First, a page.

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The New World During The European Age Of Exploration Essay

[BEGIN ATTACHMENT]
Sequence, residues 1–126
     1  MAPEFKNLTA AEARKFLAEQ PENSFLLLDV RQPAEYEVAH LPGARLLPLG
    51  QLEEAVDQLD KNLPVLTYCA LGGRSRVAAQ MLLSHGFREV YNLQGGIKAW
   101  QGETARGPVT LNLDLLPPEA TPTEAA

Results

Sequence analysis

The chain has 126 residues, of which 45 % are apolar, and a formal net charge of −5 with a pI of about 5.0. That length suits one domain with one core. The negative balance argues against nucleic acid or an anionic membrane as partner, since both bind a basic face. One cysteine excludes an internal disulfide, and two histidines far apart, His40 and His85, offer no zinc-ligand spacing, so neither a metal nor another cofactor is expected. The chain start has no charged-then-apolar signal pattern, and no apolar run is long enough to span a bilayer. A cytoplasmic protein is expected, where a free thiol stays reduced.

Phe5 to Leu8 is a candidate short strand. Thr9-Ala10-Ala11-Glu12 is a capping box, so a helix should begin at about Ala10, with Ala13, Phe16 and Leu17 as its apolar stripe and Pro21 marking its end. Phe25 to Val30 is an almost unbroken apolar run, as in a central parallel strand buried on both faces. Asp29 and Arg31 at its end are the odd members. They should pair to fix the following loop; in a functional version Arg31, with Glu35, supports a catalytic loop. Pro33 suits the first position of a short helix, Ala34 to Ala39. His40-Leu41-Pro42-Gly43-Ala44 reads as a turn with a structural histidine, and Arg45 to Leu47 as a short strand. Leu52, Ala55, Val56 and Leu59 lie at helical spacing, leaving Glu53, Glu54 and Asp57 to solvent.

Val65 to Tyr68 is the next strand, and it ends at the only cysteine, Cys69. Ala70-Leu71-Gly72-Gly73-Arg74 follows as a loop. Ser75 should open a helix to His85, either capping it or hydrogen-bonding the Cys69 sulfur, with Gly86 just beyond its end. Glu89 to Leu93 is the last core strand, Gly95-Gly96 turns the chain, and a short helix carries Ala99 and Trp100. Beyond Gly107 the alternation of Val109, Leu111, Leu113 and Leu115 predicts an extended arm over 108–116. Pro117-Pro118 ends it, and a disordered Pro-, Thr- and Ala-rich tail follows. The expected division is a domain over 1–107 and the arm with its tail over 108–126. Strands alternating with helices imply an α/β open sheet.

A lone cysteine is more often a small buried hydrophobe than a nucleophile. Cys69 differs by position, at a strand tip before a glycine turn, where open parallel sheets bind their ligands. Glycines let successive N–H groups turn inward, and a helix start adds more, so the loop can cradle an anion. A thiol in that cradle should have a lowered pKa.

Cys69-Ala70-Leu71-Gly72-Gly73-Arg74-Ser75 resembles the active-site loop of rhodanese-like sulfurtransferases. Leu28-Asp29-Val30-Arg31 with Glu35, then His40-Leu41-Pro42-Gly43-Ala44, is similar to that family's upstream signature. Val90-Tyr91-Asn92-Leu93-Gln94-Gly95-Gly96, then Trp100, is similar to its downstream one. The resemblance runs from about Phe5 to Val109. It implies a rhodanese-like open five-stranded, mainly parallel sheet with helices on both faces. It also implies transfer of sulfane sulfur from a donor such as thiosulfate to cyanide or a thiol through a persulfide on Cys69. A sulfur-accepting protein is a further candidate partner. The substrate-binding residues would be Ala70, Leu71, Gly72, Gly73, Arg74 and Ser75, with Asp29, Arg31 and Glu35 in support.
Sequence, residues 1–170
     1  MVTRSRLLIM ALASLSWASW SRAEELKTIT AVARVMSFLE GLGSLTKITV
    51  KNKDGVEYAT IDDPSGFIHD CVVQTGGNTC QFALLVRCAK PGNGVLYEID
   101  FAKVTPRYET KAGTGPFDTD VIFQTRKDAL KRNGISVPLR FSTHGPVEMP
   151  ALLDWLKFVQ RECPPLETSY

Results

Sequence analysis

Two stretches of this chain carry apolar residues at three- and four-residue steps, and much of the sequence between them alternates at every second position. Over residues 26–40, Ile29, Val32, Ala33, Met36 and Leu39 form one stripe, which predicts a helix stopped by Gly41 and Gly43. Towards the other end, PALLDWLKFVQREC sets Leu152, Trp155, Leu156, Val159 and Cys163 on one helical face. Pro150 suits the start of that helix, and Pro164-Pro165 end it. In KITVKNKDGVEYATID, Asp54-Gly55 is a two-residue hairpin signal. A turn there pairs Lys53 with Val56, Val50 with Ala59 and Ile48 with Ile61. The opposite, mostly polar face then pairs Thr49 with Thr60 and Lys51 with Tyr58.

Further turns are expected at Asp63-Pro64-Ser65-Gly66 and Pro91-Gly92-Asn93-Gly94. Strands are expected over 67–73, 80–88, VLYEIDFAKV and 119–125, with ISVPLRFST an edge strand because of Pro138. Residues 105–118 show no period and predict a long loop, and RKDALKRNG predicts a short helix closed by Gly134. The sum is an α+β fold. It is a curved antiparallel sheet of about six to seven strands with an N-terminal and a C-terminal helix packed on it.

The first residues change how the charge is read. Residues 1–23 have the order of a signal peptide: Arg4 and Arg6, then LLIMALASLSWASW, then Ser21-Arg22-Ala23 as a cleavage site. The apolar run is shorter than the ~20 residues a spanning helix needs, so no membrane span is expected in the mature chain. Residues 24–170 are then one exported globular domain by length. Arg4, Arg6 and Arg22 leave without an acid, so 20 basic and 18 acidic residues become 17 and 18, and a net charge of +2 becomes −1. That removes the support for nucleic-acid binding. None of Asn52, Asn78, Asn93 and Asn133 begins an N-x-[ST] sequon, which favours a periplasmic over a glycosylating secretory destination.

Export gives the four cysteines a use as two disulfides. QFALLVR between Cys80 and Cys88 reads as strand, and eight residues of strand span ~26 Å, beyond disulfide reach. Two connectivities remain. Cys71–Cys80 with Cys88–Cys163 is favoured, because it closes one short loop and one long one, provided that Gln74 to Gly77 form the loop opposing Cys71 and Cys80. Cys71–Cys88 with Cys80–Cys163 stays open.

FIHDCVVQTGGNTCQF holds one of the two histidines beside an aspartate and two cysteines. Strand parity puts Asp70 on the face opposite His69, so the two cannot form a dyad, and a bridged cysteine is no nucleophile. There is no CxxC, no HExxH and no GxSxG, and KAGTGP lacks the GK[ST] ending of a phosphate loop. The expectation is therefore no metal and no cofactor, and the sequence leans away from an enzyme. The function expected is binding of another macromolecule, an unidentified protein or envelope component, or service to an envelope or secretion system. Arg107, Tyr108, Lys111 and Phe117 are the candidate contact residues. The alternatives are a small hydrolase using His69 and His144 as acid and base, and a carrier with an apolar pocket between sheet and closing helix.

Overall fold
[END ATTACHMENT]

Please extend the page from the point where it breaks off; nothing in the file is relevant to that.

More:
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The term “virgin soil epidemic” seems quite self-explanatory; broken down, “virgin soil” clearly means untouched land, and “epidemic” is usually a word used to describe something that spreads quickly and affects a large number of people, in this case (and in most other cases), disease. While this term is general and can be applied to nearly any situation that fits the aforementioned criteria, it was coined by Alfred Crosby in reference to the phenomena as it occurred in the western hemisphere of the world; contact between two previously unintroduced groups of people allowed disease to spread due to a lack of immunity in what was considered the “New World” during the European Age of Exploration. It is considered just a subsection of the Columbian Exchange (a term coined by Alfred Crosby as well), which denotes the exchange of a number of varied items between Europe and the New World after 1492, including infectious diseases like smallpox, chicken pox, the plague, yellow fever, and the flu (Marr, Cathey 2010), but it seems that it could be and vital aspect of understanding how Europe and America existed and developed during the Age of Exploration, how they exist now, and how they interact with the world figuratively and literally. It is firstly important to consider where and when this event, or set of events occurred to grasp their effects on the course of history. As the basics of public education teaches, Europe began exploring the western hemisphere of the globe
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